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Report: Our Interest In Chocolate May Be Linked To What It Does To Our Tongue

Many people find the physical process totally irresistible & why we have a mouthwatering attraction to chocolate.
Different chocolates that include regular, black, and white. The mouthwatering attraction of chocolate is down to how it lubricates our tongues, according to new research. GROUND PICTURE/SWNS TALKER

The mouthwatering attraction of chocolate is down to how it lubricates our tongues, according to new research.

Scientists have decoded exactly what takes place during consumption – as it changes from a solid into a smooth emulsion.

Many people find the physical process totally irresistible – and now British experts have worked out why.

The breakthrough explains why our favorite snack bars are so alluring. It could lead to even nicer treats – that don’t add inches to our waistline.

Brits are among the world’s biggest addicts – devouring an average of 1.5 tonnes (3,306 pounds) in their lifetime. They will tuck into more than 7,000 bars – costing over £12,000 ($14,619).

By analyzing each of the steps, it opens the door to developing luxury chocolates with the same feel and texture – that will be better for you.

During the moments it is in the mouth, the chocolate sensation arises from the way the chocolate is lubricated, either from ingredients, saliva or a combination of the two. 

Co-author Professor Anwesha Sarkar, of Leeds University, said: “Lubrication science gives mechanistic insights into how food actually feels in the mouth.

“You can use that knowledge to design food with better taste, texture or health benefits.”

Fat plays a key function almost immediately when it is in contact with the tongue. After that, solid cocoa particles are released,.

They become important in terms of the tactile sensation. Fat deeper inside plays a rather limited role.

“It could be reduced without having an impact on the feel or sensation of chocolate,” said Sarkar.

She explained: “If chocolate has 5% fat or 50% fat, it will still form droplets in the mouth and that gives you the chocolate sensation.

“However, it is the location of the fat in the make-up of the chocolate which matters in each stage of lubrication, and that has rarely been researched.

“We are showing the fat layer needs to be on the outer layer of the chocolate, this matters the most, followed by an effective coating of the cocoa particles by fat, this help to make chocolate feel so good.”

The study, published in the journal ACS Applied Materials and Interface, focused on feel and texture by testing a luxury brand of dark chocolate on an artificial 3D tongue-like surface.

Findings were based on analytical techniques from a field of engineering called tribology – which includes in situ imaging.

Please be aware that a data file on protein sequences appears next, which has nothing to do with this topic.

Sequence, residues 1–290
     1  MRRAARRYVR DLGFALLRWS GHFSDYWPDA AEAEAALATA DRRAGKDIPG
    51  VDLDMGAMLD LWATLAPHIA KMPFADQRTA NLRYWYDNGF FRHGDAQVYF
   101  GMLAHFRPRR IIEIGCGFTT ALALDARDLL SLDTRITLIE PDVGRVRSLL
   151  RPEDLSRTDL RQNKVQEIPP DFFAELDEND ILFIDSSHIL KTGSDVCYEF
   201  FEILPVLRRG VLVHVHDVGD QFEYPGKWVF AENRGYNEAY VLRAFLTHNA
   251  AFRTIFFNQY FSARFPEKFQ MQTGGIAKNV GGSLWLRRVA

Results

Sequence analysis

Tribology is about how surfaces and fluids interact, the levels of friction between them and the role of lubrication – in this case, saliva or liquids from the chocolate.

Chocolate truffles among typical Sicilian sweets at the Christmas market set up in Piazza Università on December 11, 2022, in Catania, Italy. Findings were based on analytical techniques from a field of engineering called tribology – which includes in situ imaging. FABRIZIO VILLA/SWNS TALKER

Those mechanisms are all happening in the mouth when chocolate is eaten, said Sarkar.

It releases a fatty film that coats the tongue and other surfaces – creating smoothness throughout the entire time it is in the mouth.  

Lead author Dr. Siavash Soltanahmadi said: “With the understanding of the physical mechanisms that happen as people eat chocolate, we believe a next generation of chocolate can be developed that offers the feel and sensation of high-fat chocolate yet is a healthier choice.  

“Our research opens the possibility that manufacturers can intelligently design dark chocolate to reduce the overall fat content.  

“We believe dark chocolate can be produced in a gradient-layered architecture with fat covering the surface of chocolates and particles to offer the sought after self-indulging experience without adding too much fat inside the body of the chocolate.”

Business intelligence agency MINTEL predicts revenue from chocolate sales in the UK will grow 13 percent to £6.6 billion in the next five years.

Chocolate is made from cocoa beans, the seeds of the cacao tree. But they have to be processed to bring out their characteristic flavor.

This starts with fermentation, in which the moist seeds sit for days in baskets covered with banana leaves while yeasts and bacteria grow on the beans and alter their nature.

The beans are dried in the sun and then roasted. Worldwide, about three million tons of cocoa are produced each year.

Cocoa production developed over the years by trial and error, not by scientific analysis, so the secrets to chocolate’s global were largely unknown.

Techniques used in the study could be applied to other foods that transform from a solid to a liquid – such as ice cream or cheese, the researchers added.


Produced in association with SWNS Talker.

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